Amsterdam Schiphol’s Genius Idea To Reduce Aircraft Emissions

In its pursuit to become the world’s most sustainable airport, Amsterdam Schiphol is trying out a new way for aircraft to taxi to the runway. Over the next few months, the airport will use a hybrid vehicle with fewer emissions in place of a traditional pushback tug. Officials at Schiphol believe that this new strategy will slash fuel consumption from taxiing by up to 85%.

Corendon aircraft pulled by new hybrid taxibot
Amsterdam Schiphol Airport is testing out a taxibot to reduce fuel consumption. Photo: Schiphol Airport

Reducing emissions on the ground

While the climate crisis is a complex issue to solve, its saving grace is that there are many angles at which it can be tackled. There is a plethora of initiatives taking place today that allow airlines and their airports to reduce the amount of CO2 emissions they produce. One of the most successful ways is to invest in new technology that reduces energy consumption on the ground.

Over the coming months, Amsterdam Schiphol Airport will be making some changes to improve its sustainability. On 23rd April, the airport shared the news that it will be trialing a new hybrid vehicle to take aircraft to and from the runway. The new tug, which uses a mixture of electric and diesel, is expected to save 95% on fuel consumption in comparison to a standard tow vehicle.

Between now and June 2020, Schiphol will monitor fuel savings from this new technology. It will then be able to ascertain whether the so-called ‘taxibot’ is a scalable and efficient way of driving down CO2 emissions.

While the results of this initial test are currently untold, officials at Schiphol hold out hope that this is an effective sustainability solution that the airport can implement. Speaking in a statement, the Head of Innovation at the Royal Schiphol Group Hassan Charaf said:

“This study aligns with our ambition to be the world’s most sustainable airport. We are continuing with this important test despite the situation that the corona crisis has caused. This unique vehicle will be at our disposal until at least June. I am proud that Schiphol and its partners are investigating what sustainable taxiing at Schiphol can mean.”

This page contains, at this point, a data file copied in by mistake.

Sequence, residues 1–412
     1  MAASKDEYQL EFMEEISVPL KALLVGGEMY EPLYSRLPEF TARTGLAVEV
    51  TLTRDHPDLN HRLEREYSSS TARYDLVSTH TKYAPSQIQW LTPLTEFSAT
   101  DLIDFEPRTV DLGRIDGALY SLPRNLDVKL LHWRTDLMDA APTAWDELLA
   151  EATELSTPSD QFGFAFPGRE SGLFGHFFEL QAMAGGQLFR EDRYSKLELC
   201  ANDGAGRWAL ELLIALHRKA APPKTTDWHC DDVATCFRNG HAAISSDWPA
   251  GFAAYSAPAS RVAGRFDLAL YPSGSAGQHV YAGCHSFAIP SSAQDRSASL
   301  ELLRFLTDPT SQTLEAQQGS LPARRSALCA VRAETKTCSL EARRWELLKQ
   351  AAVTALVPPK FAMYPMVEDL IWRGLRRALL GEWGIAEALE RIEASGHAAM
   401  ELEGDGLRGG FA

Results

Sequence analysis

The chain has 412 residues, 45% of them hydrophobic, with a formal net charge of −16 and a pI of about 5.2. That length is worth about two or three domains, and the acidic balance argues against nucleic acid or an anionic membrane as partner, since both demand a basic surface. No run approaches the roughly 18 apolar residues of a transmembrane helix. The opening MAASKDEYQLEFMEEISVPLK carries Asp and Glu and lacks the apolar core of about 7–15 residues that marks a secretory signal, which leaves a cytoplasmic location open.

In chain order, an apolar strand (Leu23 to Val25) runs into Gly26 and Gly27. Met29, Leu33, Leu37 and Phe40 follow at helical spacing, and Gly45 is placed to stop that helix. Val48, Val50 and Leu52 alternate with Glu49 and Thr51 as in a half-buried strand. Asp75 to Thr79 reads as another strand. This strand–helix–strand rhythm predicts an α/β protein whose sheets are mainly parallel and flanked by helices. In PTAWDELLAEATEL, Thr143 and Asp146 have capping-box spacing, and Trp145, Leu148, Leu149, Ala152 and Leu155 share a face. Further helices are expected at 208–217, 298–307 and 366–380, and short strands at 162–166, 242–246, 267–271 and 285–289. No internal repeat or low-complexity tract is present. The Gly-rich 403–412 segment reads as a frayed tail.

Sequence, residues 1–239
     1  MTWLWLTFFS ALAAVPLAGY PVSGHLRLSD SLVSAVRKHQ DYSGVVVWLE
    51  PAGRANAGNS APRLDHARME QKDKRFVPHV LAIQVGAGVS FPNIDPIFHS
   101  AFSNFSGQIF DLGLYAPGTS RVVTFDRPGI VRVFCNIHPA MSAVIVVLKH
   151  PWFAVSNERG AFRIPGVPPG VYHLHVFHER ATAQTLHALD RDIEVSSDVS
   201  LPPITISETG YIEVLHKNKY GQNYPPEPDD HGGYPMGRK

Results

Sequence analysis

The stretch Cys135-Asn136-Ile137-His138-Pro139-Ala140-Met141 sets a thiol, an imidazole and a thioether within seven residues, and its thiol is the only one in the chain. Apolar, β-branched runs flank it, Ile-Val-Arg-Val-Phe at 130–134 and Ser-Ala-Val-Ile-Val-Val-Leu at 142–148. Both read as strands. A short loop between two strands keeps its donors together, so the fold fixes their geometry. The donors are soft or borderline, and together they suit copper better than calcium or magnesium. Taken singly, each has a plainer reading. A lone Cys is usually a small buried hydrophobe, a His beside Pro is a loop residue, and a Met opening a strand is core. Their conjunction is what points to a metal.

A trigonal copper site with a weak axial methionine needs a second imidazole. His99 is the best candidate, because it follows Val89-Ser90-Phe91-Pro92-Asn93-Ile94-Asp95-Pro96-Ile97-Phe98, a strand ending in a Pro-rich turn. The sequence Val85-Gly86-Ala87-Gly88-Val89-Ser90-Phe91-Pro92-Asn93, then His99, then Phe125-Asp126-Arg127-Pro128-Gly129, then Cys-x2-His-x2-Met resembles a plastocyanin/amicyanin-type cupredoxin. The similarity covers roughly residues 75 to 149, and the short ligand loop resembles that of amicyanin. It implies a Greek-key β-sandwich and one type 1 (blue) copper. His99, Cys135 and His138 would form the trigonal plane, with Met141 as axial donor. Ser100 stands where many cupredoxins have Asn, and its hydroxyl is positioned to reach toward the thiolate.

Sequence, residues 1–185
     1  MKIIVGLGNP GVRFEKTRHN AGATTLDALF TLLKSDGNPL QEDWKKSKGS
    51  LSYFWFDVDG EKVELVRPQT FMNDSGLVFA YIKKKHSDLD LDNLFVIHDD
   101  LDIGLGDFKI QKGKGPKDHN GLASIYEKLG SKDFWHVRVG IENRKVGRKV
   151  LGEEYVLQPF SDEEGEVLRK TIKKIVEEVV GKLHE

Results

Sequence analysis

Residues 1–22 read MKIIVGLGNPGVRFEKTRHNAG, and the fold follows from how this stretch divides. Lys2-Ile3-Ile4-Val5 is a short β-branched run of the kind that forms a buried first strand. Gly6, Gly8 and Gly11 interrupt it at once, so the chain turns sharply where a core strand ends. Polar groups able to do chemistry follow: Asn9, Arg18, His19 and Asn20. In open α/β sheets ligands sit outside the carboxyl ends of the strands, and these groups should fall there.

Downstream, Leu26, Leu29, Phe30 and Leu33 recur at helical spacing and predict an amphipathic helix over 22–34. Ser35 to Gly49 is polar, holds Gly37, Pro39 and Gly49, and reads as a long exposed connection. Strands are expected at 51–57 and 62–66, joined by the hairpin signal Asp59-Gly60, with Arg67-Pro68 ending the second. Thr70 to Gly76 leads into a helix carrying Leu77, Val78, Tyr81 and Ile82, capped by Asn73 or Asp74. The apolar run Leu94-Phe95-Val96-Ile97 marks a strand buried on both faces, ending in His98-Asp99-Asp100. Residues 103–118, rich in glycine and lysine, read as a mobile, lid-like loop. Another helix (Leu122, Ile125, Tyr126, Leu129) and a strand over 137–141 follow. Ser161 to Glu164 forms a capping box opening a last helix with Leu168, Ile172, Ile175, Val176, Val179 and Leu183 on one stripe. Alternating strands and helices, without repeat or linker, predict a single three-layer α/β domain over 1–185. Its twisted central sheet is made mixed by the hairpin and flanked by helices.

How will the test work?

Before the use of the taxibot can become a regular practice at Schiphol, there are a series of tests that need to be carried out. At the moment, the Royal Schiphol Group has outlined two testing phases with aircraft.

737 Corendon Airlines aircraft
Schiphol is already working on the first phase of the test. Photo: Schiphol Airport

The first will be carried out with an empty Corendon Dutch Airlines 737 aircraft. The plane will be towed by the hybrid vehicle to multiple runways to measure efficiency and sustainability. If the Royal Schiphol Group is happy with the findings, the taxibot will progress to the next stage of testing.

At this next stage, Schiphol will carry out the same trial only this time with an operational aircraft. It has so far named three carriers that might take part in that next stage of testing. These are KLM, easyJet, and Transavia.

Staff will continue to research this new method of taxiing after the vehicle has been returned to its lessors, Smart Airport Systems. By fall 2020, the airport will have a clear understanding as to whether this new method of taxiing is feasible.

Will this strategy be a success?

This method of taxiing aircraft will likely prove to be far superior to current practices. That’s because it will save such a significant amount of fuel. The fuel consumption saving comes from the fact that during taxi, aircraft will be able to keep their engines switched off until they reach the runway. While it may not seem like this would have much of an impact, it does.

Is Schiphol sure that the new technology will be a success? Photo: Schiphol Airport

According to Schiphol, it takes 14 minutes for an aircraft to taxi to the runway. That’s 14 minutes of fuel consumed and harmful emissions produced, plus the time it takes to warm up the engine. On the way back, it will take around nine minutes for an arriving aircraft to reach the gate. All in all, that’s a saving of over 23 minutes of fuel burn time saved per aircraft on every single flight.

That said, despite the apparent merits of this technology, it could be a while before all aircraft taxiing is adopted in this way. The vehicle that Schiphol will lease from Smart Airport Systems is just one of ten in the world. Therefore, if Schiphol wants to employ this technology, it may have to wait.

Are taxibots the way forward? Let us know your thoughts in the comments.